According to the latest data from a report by Bercy, obtained by the daily Le Figaro , the commitments of French President Emmanuel Macron have deterred financial capital holders from taking refuge abroad to escape the tax .
If the wealthiest French people have decided to stay in France, it is because the government has encouraged them to do so. In 2017, during his presidential campaign, the candidate Macron had promised them to reform the ISF, the solidarity tax on wealth , and replace it with a single flat-rate levy of 30% on capital income. Share dividends, employee savings plans, home savings plans, and other bank books, but also life insurance under certain conditions.
Only real estate income was not affected by the measure. This new single rate tax is called Flat Tax . It came into effect on January 1, 2018 and today Bercy measures the effects. With its introduction, the number of taxpayer-related departures abroad fell by 40% in 2017, compared to the previous year. Flat Tax also contributed to a 30 % drop in the number of exit tax returns in 2017 .
Flat tax and exit tax
Introduced by former President Nicolas Sarkozy in 2011, the "exit tax" concerns the capital gains realized during the resale of shares, at the time of the change of tax residence outside France and up to 34.5 %. It first applied to the wealthy whose wealth was 1.3 million euros, amount reduced in 2014 to 800,000 euros in shares. The latest report from Bercy lists the departures of the year 2017, year of handover between François Hollande and Emmanuel Macron.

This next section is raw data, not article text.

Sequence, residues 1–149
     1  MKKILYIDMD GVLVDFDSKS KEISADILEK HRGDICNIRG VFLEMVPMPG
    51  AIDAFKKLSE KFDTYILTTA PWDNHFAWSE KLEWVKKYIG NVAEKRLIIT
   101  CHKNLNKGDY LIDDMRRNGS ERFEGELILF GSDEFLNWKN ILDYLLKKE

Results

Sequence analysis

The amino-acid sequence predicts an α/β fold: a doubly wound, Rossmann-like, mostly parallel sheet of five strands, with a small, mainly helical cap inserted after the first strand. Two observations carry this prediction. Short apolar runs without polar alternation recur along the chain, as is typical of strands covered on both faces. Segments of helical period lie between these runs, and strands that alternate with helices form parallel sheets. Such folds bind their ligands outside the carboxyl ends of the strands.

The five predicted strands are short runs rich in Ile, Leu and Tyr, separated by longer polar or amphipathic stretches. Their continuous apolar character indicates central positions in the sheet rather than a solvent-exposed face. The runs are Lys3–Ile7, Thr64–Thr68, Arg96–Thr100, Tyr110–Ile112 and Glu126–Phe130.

According to the document, "exit tax" declarations also fell sharply in 2017. Bercy counted 225 statements, 30% less than in previous years. The exit tax concerns entrepreneurs or investors who leave France for more lenient tax destinations such as Belgium, the United Kingdom, Portugal or the United States. The law requires them to complete a return so that they continue to pay tax on their capital gain, once abroad.
France becomes attractive again
According to published figures, France becomes attractive again. 376 taxpayers went into exile in 2017. We have to go back 12 years to find such a low level. The end of the ISF played a decisive role for many taxpayers concerned. Removed in the other countries of the European Union, France was the last country where the solidarity tax on wealth remained in force, pushing hundreds of taxpayers to emigrate each year.
Under the former government, the great wealth was taxed up to a marginal rate of 45%, today, with Flat Tax and its single flat tax of 30% affluent taxpayers benefit from a real tax cut. But this still seems insufficient for high-income earners, those whose tax income exceeds 300,000 euros, who still prefer to reside abroad.